Legislature(2023 - 2024)BUTROVICH 205
03/06/2023 01:30 PM Senate JUDICIARY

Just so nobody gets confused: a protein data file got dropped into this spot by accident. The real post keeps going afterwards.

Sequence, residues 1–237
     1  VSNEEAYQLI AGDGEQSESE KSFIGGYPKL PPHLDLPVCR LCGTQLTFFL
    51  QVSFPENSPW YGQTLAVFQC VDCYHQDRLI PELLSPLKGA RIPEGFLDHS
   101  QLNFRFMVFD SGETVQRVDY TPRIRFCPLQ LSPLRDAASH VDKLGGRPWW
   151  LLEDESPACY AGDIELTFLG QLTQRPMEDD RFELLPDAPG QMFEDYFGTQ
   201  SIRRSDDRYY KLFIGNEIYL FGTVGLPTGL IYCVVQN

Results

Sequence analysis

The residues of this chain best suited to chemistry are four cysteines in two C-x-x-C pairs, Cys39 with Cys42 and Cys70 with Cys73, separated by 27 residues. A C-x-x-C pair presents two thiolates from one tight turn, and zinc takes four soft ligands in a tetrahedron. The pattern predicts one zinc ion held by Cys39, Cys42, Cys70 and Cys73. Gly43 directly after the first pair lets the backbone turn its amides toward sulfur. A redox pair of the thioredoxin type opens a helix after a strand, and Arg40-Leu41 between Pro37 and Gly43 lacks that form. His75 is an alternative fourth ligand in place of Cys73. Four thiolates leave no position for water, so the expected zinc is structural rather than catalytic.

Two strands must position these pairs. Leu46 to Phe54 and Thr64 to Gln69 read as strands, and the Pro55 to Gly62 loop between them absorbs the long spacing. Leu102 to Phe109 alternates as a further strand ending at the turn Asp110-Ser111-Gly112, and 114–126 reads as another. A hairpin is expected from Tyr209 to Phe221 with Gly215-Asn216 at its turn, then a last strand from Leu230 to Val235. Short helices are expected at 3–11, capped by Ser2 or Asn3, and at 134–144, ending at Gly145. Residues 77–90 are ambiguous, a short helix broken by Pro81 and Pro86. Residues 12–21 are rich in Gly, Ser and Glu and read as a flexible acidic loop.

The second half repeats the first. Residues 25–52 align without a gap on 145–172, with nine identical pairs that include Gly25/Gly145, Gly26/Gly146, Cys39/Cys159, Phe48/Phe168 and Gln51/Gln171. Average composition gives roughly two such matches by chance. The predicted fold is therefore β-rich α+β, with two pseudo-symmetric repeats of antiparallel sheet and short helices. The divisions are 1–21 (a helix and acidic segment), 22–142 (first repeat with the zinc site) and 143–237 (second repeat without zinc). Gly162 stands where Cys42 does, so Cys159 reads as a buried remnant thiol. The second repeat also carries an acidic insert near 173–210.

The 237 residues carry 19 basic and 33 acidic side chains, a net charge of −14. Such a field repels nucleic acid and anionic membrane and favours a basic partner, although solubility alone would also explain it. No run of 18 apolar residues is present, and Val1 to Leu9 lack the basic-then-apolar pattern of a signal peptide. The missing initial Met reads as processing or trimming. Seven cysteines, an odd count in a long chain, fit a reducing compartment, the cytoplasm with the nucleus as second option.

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ALASKA STATE LEGISLATURE SENATE JUDICIARY STANDING COMMITTEE March 6, 2023 1:31 p.m. DRAFT MEMBERS PRESENT Senator Matt Claman, Chair Senator Jesse Kiehl, Vice Chair Senator James Kaufman Senator Cathy Giessel MEMBERS ABSENT Senator Löki Tobin COMMITTEE CALENDAR SENATE BILL NO. 80 "An Act making corrective amendments to the Alaska Statutes as recommended by the revisor of statutes; and providing for an effective date." - MOVED SB 80 OUT OF COMMITTEE SENATE BILL NO. 66 "An Act relating to sex trafficking; establishing the crime of patron of a victim of sex trafficking; relating to the crime of human trafficking; relating to prostitution; relating to sentencing for sex trafficking, patron of a victim of sex trafficking, and human trafficking; establishing the process for vacating judgments for certain convictions of prostitution and misconduct involving a controlled substance; relating to the Council on Domestic Violence and Sexual Assault; relating to permanent fund dividends for certain individuals whose convictions are vacated; and providing for an effective date." - HEARD & HELD PREVIOUS COMMITTEE ACTION BILL: SB 80 SHORT TITLE: 2023 REVISOR'S BILL SPONSOR(s): RULES BY REQUEST OF LEGISLATIVE COUNCIL 02/24/23 (S) READ THE FIRST TIME - REFERRALS 02/24/23 (S) JUD 03/01/23 (S) JUD AT 1:30 PM BUTROVICH 205 03/01/23 (S) Heard & Held 03/01/23 (S) MINUTE(JUD) 03/06/23 (S) JUD AT 1:30 PM BUTROVICH 205 BILL: SB 66 SHORT TITLE: CRIME OF SEX/HUMAN TRAFFICKING SPONSOR(s): RULES BY REQUEST OF THE GOVERNOR 02/08/23 (S) READ THE FIRST TIME - REFERRALS 02/08/23 (S) JUD, FIN 03/06/23 (S) JUD AT 1:30 PM BUTROVICH 205 WITNESS REGISTER SENATOR ELVI GRAY-JACKSON, District D Alaska State Legislature Juneau, Alaska POSITION STATEMENT: Sponsor of SB 80. ANGIE KEMP, Director Criminal Division Department of Law Juneau, Alaska POSITION STATEMENT: Introduced SB 66 on behalf of the administration. KACI SCHROEDER, Assistant Attorney General Criminal Division Department of Law Juneau, Alaska POSITION STATEMENT: Presented the sectional analysis for SB 66 on behalf of the administration. AMBER NICKERSON, Representing self Juneau, Alaska POSITION STATEMENT: Testified in opposition to SB 66. KATIE BOTZ, Representing self Juneau, Alaska POSITION STATEMENT: Testified in support of SB 66. TERRA BURNS, Representing self Community United for Safety and Protections Fairbanks, Alaska POSITION STATEMENT: Testified in opposition to SB 66. MAXINE DOOGAN, Representing self Community United for Safety and Protection Fairbanks, Alaska POSITION STATEMENT: Testified in opposition to SB 66. BELLA ROBINSON, Executive Director Coyote Rhode Island POSITION STATEMENT: Testified in opposition to SB 66. ACTION NARRATIVE 1:31:09 PM CHAIR MATT CLAMAN called the Senate Judiciary Standing Committee meeting to order at 1:31 p.m. Present at the call to order were Senators Kiehl, Kaufman, Giessel, Tobin and Chair Claman. SB 80-2023 REVISOR'S BILL 1:31:52 PM CHAIR CLAMAN announced the consideration of SENATE BILL NO. 80 "An Act making corrective amendments to the Alaska Statutes as recommended by the revisor of statutes; and providing for an effective date." He stated that his office did not receive amendments to SB 80. He asked for final comments from members of the committee. SENATOR ELVI GRAY-JACKSON, District D, Alaska State Legislature, Juneau, Alaska, sponsor for SB 80, introduced herself and offered her appreciation to the committee for hearing the bill. 1:32:29 PM SENATOR KIEHL moved to report SB 80, work order 33-LS0303/S, from committee with individual recommendations and attached fiscal note. SENATOR CLAMAN found no objection and SB 80 was reported from the Senate Judiciary Standing Committee. SB 66-CRIME OF SEX/HUMAN TRAFFICKING 1:32:55 PM CHAIR CLAMAN announced the consideration of SENATE BILL NO. 66 "An Act relating to sex trafficking; establishing the crime of patron of a victim of sex trafficking; relating to the crime of human trafficking; relating to prostitution; relating to sentencing for sex trafficking, patron of a victim of sex trafficking, and human trafficking; establishing the process for vacating judgments for certain convictions of prostitution and misconduct involving a controlled substance; relating to the Council on Domestic Violence and Sexual Assault; relating to permanent fund dividends for certain individuals whose convictions are vacated; and providing for an effective date." 1:33:43 PM ANGIE KEMP, Director, Criminal Division, Department of Law, Juneau, Alaska, introduced SB 66. She stated that human and sex trafficking are forms of modern day slavery. The term slavery is used universally to describe the crimes. Human and sex trafficking involve manipulation of another human for financial and personal gain, sometimes induced by force, fraud and coercion. The human and sex trafficking industry earns approximately $32 billion annually, surpassed only by the illicit sale of controlled substances. The industry preys on vulnerable people including children. The average age when a child is pulled into commercial sex is between 12 to 14 for girls and 11 to 13 for boys. The estimated number of people trafficked worldwide is 27 million. MS. KEMP continued that human and sex trafficking is insidious conduct that often occurs in private. She shared statistics from the United States Department of Justice (DOJ) stating the number of prosecutions in the United States increased by 84 percent from 2011 to 2020. The number of referrals for human trafficking offenses increased in the same time period by 61 percent. CHAIR CLAMAN asked about the federal statistics from the DOJ. He wondered if the data is available for state versus federal human and sex trafficking prosecutions. MS. KEMP replied that the statistics stated were specific to offenses referred to and or prosecuted by the DOJ. CHAIR CLAMAN asked if the state data was absent from the federal statistics. MS. KEMP responded in the affirmative. CHAIR CLAMAN asked the number of federal prosecutions of human and sex trafficking in Alaska for the study period described. MS. KEMP clarified that the federal prosecutions did not pull statistics from individual states. CHAIR CLAMAN asked for the federal prosecutions in Alaska from 2011 to 2020. MS. KEMP believed that the models she observed included the details requested. She said she would respond to Chair Claman's question later in the day. CHAIR CLAMAN requested the number of federal sex trafficking prosecutions in Alaska. He asked for similar statistics from 10 states for comparison. He wondered about smaller population states, rural states and others for comparisons. 1:38:22 PM MS. KEMP continued that human and sex trafficking does not happen in a vacuum. The statistics remain consistent in the reporting. Risk factors for sex trafficking victims include substance use, runaways, homeless youth, unstable housing, mental health concerns and migration. Risks for human trafficking include migration, economic hardship, unstable housing, criminal records and substance abuse. She pointed out the overlap in risk factors. She cited the Polaris Project as an entity that conducts research about trafficking and maintains a hotline where individuals can call to report sex or human trafficking. Much of the data presented is derived from the Polaris Project. She reported that 42 percent of trafficking victims are recruited by a family member, while 39 percent are recruited by intimate partners. The legislation before the committee attempts to address events that lead a person into human and sex trafficking. 1:40:46 PM SENATOR GIESSEL asked about the risk factor, migration. She wondered if migration referred to immigrants. MS. KEMP replied yes, immigration migration is a universal risk factor for both categories of trafficking. She continued that the industry is driven by demand. One legislative goal is to address the demand. She added that traffickers assess the landscape when targeting victims. During the Covid-19 pandemic, the use of social media as a means to identify trafficking victims increased by 22 percent. She pointed out separate statistics from Facebook and Instagram with increases of 125 percent and 95 percent respectively. Trafficking perpetrators are adapting and using creative means to target victims. MS. KEMP stated that the law attempts to ensure no safe passage in Alaska" for sex trafficking. The proposed legislation ensures that the state protects the most vulnerable citizens while targeting the perpetrators creating the demand. The law reorganizes the crimes allowing more effective tools for prosecution and law enforcement. She provided an example of classification changes that lead to the appropriate prosecution of the most serious crimes. CHAIR CLAMAN asked which section of criminal code sex trafficking falls in currently. MS. KEMP replied AS 11.66. CHAIR CLAMAN asked about the differences between chapter 41 and chapter 66. He wondered if the change in chapters added to the seriousness of the crimes or if the classification of felonies was the reason for the change. MS. KEMP replied that the chapter change increases the penalty for sex trafficking in the first degree. The change also reorganizes the statute moving the crimes to AS 11.41. The change provides additional protection for victims. She provided an example of AS 12.45.042, which offers protection when a psychiatric evaluation is ordered by the court. These changes are possible if the trafficking is categorized as an AS 11.41 offense. She added that AS 12.45.046 allows for a guardian ad litem to be appointed when a child is a victim of an 11.41 offense or is a witness to an AS 11.41 offense. She continued that under AS 12.30.055, there is no right to revoke probation when the person committed an AS 11.41 offense. By recategorizing the crime as an AS 11.41 offense, victims have the benefit of all the additional statutes calling out AS 11.41. She highlighted a provision in AS 12.55.011 allowing a victim to propose a negotiated sentence to the court. Under AS 12.55.027(g), an offender cannot receive electronic monitoring credit toward their sentence if they are serving a sentence pursuant to an AS 11.41 offense. 1:47:46 PM MS. KEMP spoke further about the current legislation. She mentioned the introduction of concrete concepts to better understand recruitment. The concepts are designed to address several risk factors that increase the likelihood that a person will become the victim of sex trafficking. She provided an example of a threat to destroy a person's passport. The example is based on reports from the Polaris house and the DOJ. She noted the concrete distinction in the legislation between sex trafficking and human trafficking. Under current law, within human trafficking there is a cross reference to sexual conduct. The proposed legislation breaks out sex acts from labor and adult entertainment. The bill increases penalties for several of the offenses and focuses on the demand side of trafficking. 1:49:39 PM MS. KEMP noted that the bill does not increase penalties for the average sex worker. She explained that the prostitution statute remains a B misdemeanor for people who are offering themselves willingly. Penalties are increased for the purchaser (John), but not for the prostitutes. The legislation increases the penalty for people convicted in the last five years. If an individual has been convicted twice in the last five years for prostitution, he or she will face a C felony offense. MS. KEMP continued that the legislation addresses the factors that cause the victim to be at greater risk. She spoke about a provision in the bill allowing a person to have an offence for prostitution and, or controlled substance removed from their record. The provision is an option when evidence proves that the person was a victim of sex trafficking at the time they created the offense. The person can appeal to have the prostitution and or controlled substance conviction removed from their record. 1:51:36 PM CHAIR CLAMAN mentioned a hypothetical cocaine possession conviction from 10 years ago. He wondered if the person could sign an affidavit reporting the use of cocaine while they were a victim of sex trafficking. MS. KEMP replied that the court would require the standard of proof by a preponderance of the evidence. She clarified that a preponderance of the evidence is the lowest burden of proof available under the law. She added that the law allows for the prosecutor to have an opportunity to be heard and contest the assertions of fact. She speculated that the process might require more than an affidavit, depending on how the criminal rules address the burden. 1:53:17 PM CHAIR CLAMAN hypothesized about older drug convictions lacking circumstantial evidence. He pointed to concerns raised in public testimony. His experience with the legislature showed minimal support for expungement. He found it interesting that the administration was proposing an open-ended expungement. MS. KEMP responded that the committee might choose to place additional limitations on the expungement. The effort is to help victims of human and sex trafficking. SENATOR KIEHL asked how the expungement provision works. He wished to understand the problem the provision is meant to address. 1:55:45 PM MS. KEMP referenced research identifying reasons a person is recruited into the industry. Examples include withholding or threatening to withhold the use of controlled substances. Persons who are dependent upon a controlled substance might be further manipulated and sold. The provision is an attempt to help people who enter the business because they're motivated by the use of controlled substances. 1:56:46 PM SENATOR KIEHL appreciated the description. He agreed that some people end up in the sex and human trafficking arena because of drug addiction. He asked about other criminal endeavors that are closely linked to a person forced into trafficking. MS. KEMP replied that prostitution and controlled substance use are the two predominant risk factors. 1:58:13 PM CHAIR CLAMAN agreed that people with drug addictions can find themselves in compromised situations leading to human and sex trafficking. He stressed that human and sex trafficking create huge problems for society. He remarked about the notion of passing the bill with the expungement opportunity. He viewed the proposed legislation as an administrative policy decision to advocate for expungement, which heretofore received no support. He raised questions about the administration bringing the issue to the committee. He queried the process in the governor's office during the drafting of the legislation. 2:00:05 PM MS. KEMP replied that as a former district attorney she recognizes the procedural challenges ahead. She noted that the expungement is contingent on proof that the person was a victim of sex trafficking. She responded to the question about the origin of the provision. She explained that she was not involved in conversations catalyzing the provisions in the bill. She opined that there were good reasons to make the expungement opportunities available. She provided a real-life example during her time as a prosecutor on cases related to child pornography. She expounded that her job entailed verifying evidence and reviewing the materials. She revealed that the observations were alarming and difficult to forget. She found herself wondering if it was worse to see the child victim crying out in pain or to see the child victim engaging in the practice. Through reconciliation of her thoughts and feelings, she revisits similar provisions in the law that may someday benefit these people. MS. KEMP acknowledged the challenges and reasons why the legislature might choose to add appropriate limitations to the bill. She stated that the balance was difficult to strike. She empathized with the legislators working through the process and seeking a balance. 2:05:02 PM CHAIR CLAMAN agreed that reviewing disturbing child pornography evidence is overwhelming. He asserted that the proposed legislation does provide a balance. He understood that a person trafficked in their childhood or early adulthood has diminished ability to speak up about the abuse. The trafficking environment encourages people to serve their time, only to be picked up by the traffickers when they are released from prison. He reflected on the notion that a person would come forward twenty years following a conviction to seek expungement of a drug or prostitution charge. He agreed that the system should support the person and expunge the charges from their record with proper evidence. He wished to avoid expungement of drug charges for anyone with a 20 year old drug conviction. 2:07:03 PM SENATOR GIESSEL wondered about the burden of proof allowing the court to make the decision about expungement of prostitution or controlled substance charges. She provided a hypothetical example with a person who experienced sex trafficking at eight years old and sought expungement twenty years later. CHAIR CLAMAN responded that an 8 year old with drug issues would be overseen in juvenile courts. He explained that the issue could get quite complicated. SENATOR GIESSEL noted that addiction does not resolve; a person introduced to controlled substances at eight years old is left to struggle with the addiction. 2:08:25 PM CHAIR CLAMAN stated that he was raising questions because he thought they were likely to arise. MS. KEMP stated that Ms. Schroeder was available to provide the sectional analysis. SENATOR KIEHL discussed his time spent on a similar bill last year. He wondered about comparing the two pieces of legislation in committee. CHAIR CLAMAN asked if the legislation he referred to was also introduced by the Governor. SENATOR KIEHL replied yes, the bill had a Senate Judiciary Committee Substitute. He wondered how closely this proposal reflects the work of the legislature last year. CHAIR CLAMAN was not able to speak to last year's proposed legislation, but he suggested asking the invited testifiers. 2:10:03 PM SENATOR KIEHL asked Ms. Kemp if she was prepared to answer the query. MS. KEMP deferred the question to her colleague, Ms. Schroeder. 2:10:28 PM KACI SCHROEDER, Assistant Attorney General, Criminal Division, Department of Law, Juneau, Alaska, responded to the question from Senator Kiehl. She stated that the proposed legislation resembles the version that passed out of the Senate Judiciary Committee last year. She mentioned notable changes related to the sex trafficking statutes. She stated that the prior legislation delineated sexual contact and sexual penetration, which SB 66 does not. The sections were returned to the language as introduced, which was the major difference. She agreed that the proposed legislation closely resembles that of last year. CHAIR CLAMAN asked about the difference between sexual contact and penetration as related to this legislation. MS.SCHROEDER responded that the version leaving Senate Judiciary Standing Committee last year had higher charges for people forced to engage in sexual penetration versus those forced to engage in sexual contact. She stated that SB 66 does not provide the delineation and instead considers all coercion to engage in commercial sexual acts, as an unclassified felony. 2:12:30 PM MS.SCHROEDER paraphrased the sectional analysis for SB 66. SB 66 CRIME OF SEX/HUMAN TRAFFICKING SECTIONAL ANALYSIS Section 1. This section makes a conforming change to reflect the amendments made in section 4. Section 2. This section makes confidential communications between a victim of sex trafficking and a victim counselor privileged. Section 3. This section makes a conforming change to reflect the amendments made in section 4. Section 4. This section enacts a new offense series: sex trafficking in the first, second, and third degrees. In essence, a person is guilty of sex trafficking in the first degree (unclassified sex felony) if the person (1) uses force or the threat of force to coerce someone to engage in a commercial sexual acts; (2) traffics a person under the age of 20 or who is in the person's legal custody; or (3) manages, supervises, or controls a prostitution enterprise or a place of prostitution. A person is guilty of sex trafficking in the second degree (class A sex felony) if the person induces or causes another person to engage in commercial sexual acts. Sex trafficking in the first and second degrees would be sentenced under the enhanced penalties for sexual felonies and the person would be required to register as a sex offender. A person is guilty of sex trafficking in the third degree if the person provides resources in furtherance of the commission of sex trafficking. Sex trafficking in the third degree is a class B felony if the value of the resources provided in furtherance of trafficking is $200 or more or a class C felony if the value of the resources is less than $200. Sex trafficking in the third degree is sentenced as a class B or C sex felony and is not a registerable sex offense. This section also enacts the new crime of "patron of a victim of sex trafficking." A person is guilty of being a patron of a victim of sex trafficking if they solicit commercial sexual acts with reckless disregard that the person, they are soliciting is a victim of sex trafficking, or if they solicit sexual acts from a person under the age of 18. If the person solicited is under 18 years of age, this offense will be a class B sex felony. If the person solicited is an adult, this offense will be a class C sex felony. This crime would be sentenced under the enhanced penalties for sexual felonies and the person would be required to register as a sex offender. Section 5. This section amends the crime of human trafficking in the first degree to be an unclassified felony when the person induces or causes a person to engage in adult entertainment or labor through the use of force against the victim or if the victim is under the age of 20. Section 6. This section denotes that human trafficking in the first degree is an unclassified felony. Section 7. This section amends human trafficking in the second degree to include situations in which the person induces or causes another person to engage in adult entertainment or labor by (1) exposing or threatening to expose confidential information or a secret, whether true or false, tending to subject a person to hatred, contempt, or ridicule; (2) destroying, concealing, or threatening to destroy or conceal an actual or purported passport or immigration document or another actual or purported identification document of any person; (3) threatening to report a person to a government agency for the purpose of arrest or deportation; (4) threatening to collect a debt; (5) instilling in another person a fear that the actor will withhold from any person lodging, food, clothing, or medication; (6) providing or withholding controlled substances from the person; or (7) deceiving the victim. Under this section, human trafficking in the second degree is a class A felony. Section 8. This section enacts the new crime of human trafficking in the third degree. A person is guilty of human trafficking in the third degree if they provide resources in furtherance of human trafficking. Human trafficking in the third degree is a class B felony if the value of the resources is $200 or more and a class C felony if the value of the resources is less than $200. The section also clarifies that human trafficking does not include normal caretaker interactions with a minor (for example, asking a child to shovel the driveway in exchange for an item of clothing etc.). The section also clarifies current law that corroboration of a victim's testimony is not necessary. A jury has the ability to convict based on a victim's testimony alone. This language is simply relocated to AS 11.41 along with the rest of the sex trafficking statutes. The section also makes clear that any property used to commit sex or human trafficking may be forfeited. Section 9. This section clarifies that the crime of coercion is only to be used if the sex trafficking or human trafficking elements are not present. Section 10. This section is a conforming change which references the new sex trafficking statutes in the prostitution statute. Section 11. This section increases the penalty for being a "John" from a class B misdemeanor to a class A misdemeanor. Upon a third conviction within five years for being a "John", the offense is again elevated to a class C felony. Section 12. This section states that if a "John" is convicted under the class C felony provision in section 11, any property used in order to commit the offense may be forfeited. Sections 13 and 14. These sections make conforming changes related to the amendments made in section 4 - 9. Section 15. This section adds the definitions that apply to the prostitution statutes and the sex trafficking statutes to the general definition statute in Title 11 (AS 11.81.900). Section 16. This section establishes that there is no statute of limitations for sex trafficking and human trafficking in the first and second degrees. However, the statute of limitations for sex trafficking in the third degree and human trafficking in the third degree is ten years. Section 17. This section makes conforming changes reflecting the amendments to sex trafficking and human trafficking. Section 18. This section makes confidential communications between a victim of sex trafficking and a victim counselor privileged. Sections 19 - 21. These sections make conforming changes to sex trafficking and human trafficking references that appear in those statutes. Section 22. This section establishes that human trafficking, as an unclassified felony, will be sentenced between 5 and 99 years. Section 23. This section amends AS 12.55.125(i) (the sex offense sentencing statutes) incorporating the new sex trafficking statutes and patron of a victim of sex trafficking statute. This ensures that these offenses will be subject to the higher sentences associated with sex offenses. This section also corrects an error in the citation of unlawful exploitation of a minor under AS 11.41.455(c)(1) and indecent viewing of a picture under AS 11.61.123. Section 24. This section establishes mandatory minimum terms of imprisonment for repeat "Johns." Upon the second conviction with five years, the person will be subject to a class A misdemeanor with a mandatory minimum of 72 hours to serve. If the person is convicted three times within five years, the person is subject to the class C felony sentencing provisions. Section 25. This section makes conforming changes to the definition of "most serious felony" reflecting the new sex trafficking statutes. Section 26. This section adds sex trafficking and patron of a victim of sex trafficking to the definition of "sexual felony" and corrects the citation to indecent viewing of a picture under AS 11.61.123. Section 27. This section makes changes to the definition of "serious offense" reflecting the new sex trafficking and human trafficking statutes. Section 28. This section adds sex trafficking in the first and second degrees and patron of a victim of sex trafficking to the list of registerable sex offenses. This section also corrects the citation to indecent viewing or production of a picture under AS 11.61.123. Section 29. This section establishes a process whereby a person who has been convicted of prostitution can get that conviction or a conviction for possession of a controlled substance vacated if they are able to show that they were a victim of sex trafficking at the time that they committed the offense. If the conviction is vacated, the court system may not publish records relating to the conviction on CourtView nor may the Department of Public Safety release that information as part of an employment background check. Sections 30 - 32. These sections add the prevention of sex trafficking to the subjects that the Council on Domestic Violence and Sexual Assault should consider and develop educational materials and programs for. Sections 33 and 34. These sections make conforming changes to the limitations on privileged communications and add a victim of sex trafficking to the definition of "victim." Section 35. This section adds victims of sex trafficking to the list of victims whom a crisis intervention and prevention program is designed to assist. Section 36. This section adds victims of sex trafficking to the list of victims who can receive assistance from the Violent Crimes Compensation Board. Section 37. This section allows the public defender to represent an indigent person during a vacation of judgment proceeding. Sections 38 and 39. These sections make conforming changes referencing the changes made to the sex trafficking statutes. Section 40. This section makes a person who has had their conviction for prostitution vacated eligible for a permanent fund dividend. Section 41. This section authorizes administrative subpoenas for sex trafficking in the first, second, and third degrees. Sections 42 - 45. These sections make conforming changes referencing the changes made to the sex trafficking statutes. Section 46. This section is the repealer section. Section 47. This section is the applicability section. The majority of this bill will apply to offenses occurring on or after the effective date. Section 48. This section makes the vacation of judgment sections of the bill effective on January 1, 2024. Section 49. This section makes the remainder of the bill effective July 1, 2023. 2:25:45 PM SENATOR KAUFMAN mentioned the definition section and asked how inducement is defined. MS. SCHROEDER explained that the bill specifies that a person must induce or cause an individual to engage in a commercial sexual act. The definition of inducing or causing as they relate to sex trafficking is found on page 4 of the bill. She informed that page 4 includes a list of examples of inducing or causing a person to engage in a commercial sexual act. She added that the list was not exhaustive. 2:27:34 PM CHAIR CLAMAN asked about moving both sex trafficking and human trafficking from chapter 66 to chapter 41. He wondered about changes to definitions or the basic structure of the bill. MS. SCHROEDER replied that the human trafficking statutes were already located in AS 11.41. The sex trafficking statutes were indeed moved to AS 11.41. The department broadened the language and increased penalties. The bill adds factors that are currently not regularly considered by the courts. She opined that it was helpful to have those considerations defined in statute. She added that human and sex trafficking conduct were manipulative and insidious, which led the administration to outline the factors and raise the penalties. CHAIR CLAMAN asked Ms. Schroeder if she referred to the list on page 4 when she spoke about factors. MS. SCHROEDER replied in the affirmative. CHAIR CLAMAN understood the seven factors in the human trafficking provision. He asked about federal prosecutions in Alaska. He requested statistics related to the frequency of sex and human trafficking prosecutions in Alaska over the last ten years. 2:29:48 PM MS. KEMP suggested that prosecutions for human and sex trafficking in Alaska are infrequent and typically handled by the Office of Special Prosecutions. She added that she doesn't know the federal prosecution data, but she would do research and provide further information to the chair and committee. CHAIR CLAMAN asked why state-level prosecutions were infrequent. MS. KEMP opined that the lack of reporting leads to infrequent prosecution. Research shows that victims do not report human or sex trafficking. She spoke about challenges in immigration scenarios where language access is barred. One intervention is to provide increased access to the court system for victims of trafficking. 2:31:13 PM SENATOR KIEHL pointed to the definition of adult entertainment on page 11. He noted that the bill that the Senate Judiciary Committee passed last year referenced Title 23. He wondered about substantive differences between the two bills in relation to Title 23. MS. SCHROEDER replied that the change was made last year, because the definition of adult entertainment in Title 23 discusses actual or stimulated. The administration chose another definition that does not include the word "actual." 2:32:12 PM CHAIR CLAMAN opened public testimony on SB 66. 2:32:33 PM AMBER NICKERSON, representing self, Juneau, Alaska testified in opposition to SB 66. She stated that the legislation criminalizes sex workers and clients. She suggested amending Section 4 of AS 11.41 by adding new sections to read "manages, supervises, controls or owns either alone or with others a prostitution enterprise or a place of prostitution." She added that a place of prostitution means a place where a person engages in commercial sex in return for a fee. She feared that working indoors would become an unclassified felony. Sex workers would be charged with unclassified felonies if they own a place of prostitution. She stated that working in isolation makes prostitutes vulnerable for robbery, assault, rape and murder. The bill also criminalizes customers as sex traffickers. She opined that clients should be granted the same immunity protection as sex workers including the ability to report when they are victims or witnesses to crimes such as sex trafficking. Under SB 66, Alaska uses resources and funding to create fictitious prostitution sting operations shaming Alaskan residents before they are found guilty. 2:34:38 PM KATIE BOTZ, representing self, Juneau, Alaska testified in support SB 66. She thanked the administration for introducing the bill despite the challenging nature of the topic. She stressed that passage of SB 66 was vital to protecting vulnerable populations. She acknowledged that the effort was introduced in previous legislation. She stated that she was a concerned constituent who was sexually assaulted as a child, and she found it vital to increase penalties for sex trafficking. 2:37:12 PM TERRA BURNS, representing self, Community United for Safety and Protections, Fairbanks, Alaska, testified in opposition to SB 66. She stated that she was trafficked as a minor in Alaska. She worked in Alaska's sex industry for two decades. She completed her graduate research at the University of Alaska Fairbanks on the lived experiences and policy recommendations of people in Alaska's sex trade. She noted that she attempted to participate in task force meetings during the creation of the bill. She was denied entry to the public task force meetings, which she believes violates the Alaska Open Meetings Act. 2:38:49 PM MAXINE DOOGAN, representing self, Community United for Safety and Protection, Fairbanks, Alaska, testified in opposition to SB 66. She informed the committee that she was a prostitute of 30 plus years and she hoped to work for 30 plus more. She opposed the legislation because it recriminalizes clients as sex traffickers, which she finds disrespectful and inappropriate. She stated that the fiscal note creates a slush fund to arrest sex workers and clients under the guise of rescuing sex trafficking victims. She opined that police crackdowns on sex work do not reduce the incidence of sex trafficking. She opposed referring to her clients as "Johns" as the term is pejorative. 2:41:22 PM BELLA ROBINSON, Executive Director, Coyote Rhode Island, testified in opposition to SB 66. She stated that many sex workers and sex trafficking victims are more afraid of the police than of violent perpetrators. She noted that clients of sex workers are the people most likely to encounter sex trafficking survivors but recording them might mean criminal charges. She remarked that trafficking victims are arrested, which subjects them to judgement and the traumatic arrest and media coverage subject them to discrimination. 2:44:04 PM CHAIR CLAMAN closed public testimony on SB 66. 2:44:48 PM SENATOR KIEHL referred to comments made during public testimony. He heard that those who purchase commercial sex are criminalized if they report sex trafficking during a transaction. He asked how that worked in Section 10 of the proposed legislation. 2:45:27 PM MS. KEMP stated that the clients purchasing sex do not have separate immunity. Under the current language, clients can be prosecuted if they attempt to file a report. SENATOR KIEHL noted that Section 10 indicates that a person might not be prosecuted under paragraph (a)(1) of the prostitution statute. MS. KEMP replied that paragraph (a)(1) relates to the person selling sex. SENATOR KIEHL asked about the definition for place of prostitution and enterprise. He asked how the definitions apply to the proposed legislation. MS. KEMP cited the proposed Sec. 11.41.340. Sex trafficking in the first degree. She said the issue with paragraph (a)(3) is the requirement that the prosecution proves the prostitution enterprise. A prostitution enterprise means that they are organized to render sexual conduct in return for a fee. The definition of sexual conduct establishes that the fee cannot be shared via apportioned spaces. She provided an example where two individuals selling sex agree to rent a hotel room; they could not be prosecuted under the theory of a prosecution enterprise. Similarly, place of prostitution cross references commercial sexual conduct, which carves that out as a theory. SENATOR KIEHL wished to make sure that the carve-out was not too broad. He understood that if a person took a share of the revenue, then the charge would fall under the criminal act. MS. KEMP replied yes, and the process would be different than the shared apportioned space carve-out. 2:50:03 PM CHAIR CLAMAN referenced paragraph (a)(3) on page 3, and the example stated in public testimony where one person owns a two bedroom apartment and rents a spare room to another prostitute. He asked if the apartment owner is subject to sex trafficking in the first degree as a product of renting a room to another prostitute. MS. KEMP replied no because the scenario depicted was shared apportioned spaces. She clarified that one person renting from another person without facts to support any additional payment does not meet the definition of place of prostitution or prostitution enterprise. CHAIR CLAMAN asked about evidence that the price charged for renting the apartment reflects they are engaging in prostitution. He hypothesized that if a room in a home routinely costs $1000, suspicion might arise if the rent is $2500 monthly. MS. KEMP replied that the language for commercial sex acts does not include compensation for apportioned shared expenses. She pointed to page 11 and the term "reasonable" under the circumstances. She offered hypothetically, if one individual was charged $5000 for a one-bedroom apartment, a prosecutor might make the argument that the rent is unreasonable, which does meet the definition of commercial sexual act. 2:52:56 PM CHAIR CLAMAN wondered if Nancy Meade might provide statistics related to frequency of federal prosecutions for sex trafficking in Alaska. MS. KEMP responded to the concerns voiced in public testimony. She referred to the opposition letter listing two principal concerns related to changes in the criminal law. She stated that the concern related to the patronage of sex trafficking would unnecessarily expose individuals to heightened penalties. She clarified that the prostitution statute under AS 11.66 remains the same. For the patronage of victim sex trafficking, several aspects must be proved prior to a criminal charge. Evidence for sex trafficking involves proof that the individual knowingly solicits commercial sexual acts with reckless disregard for a person who is engaging in the sexual act. She supposed that the public testimony concerns missed elements that the state must show in order to meet that particular statute. She added that the court must prove a mental state related to paragraphs (1) and (2) under the patronage of victim sex trafficking. 2:55:28 PM There being no further business to come before the committee, Chair Claman adjourned the Senate Judiciary Standing Committee meeting at 2:55 pm.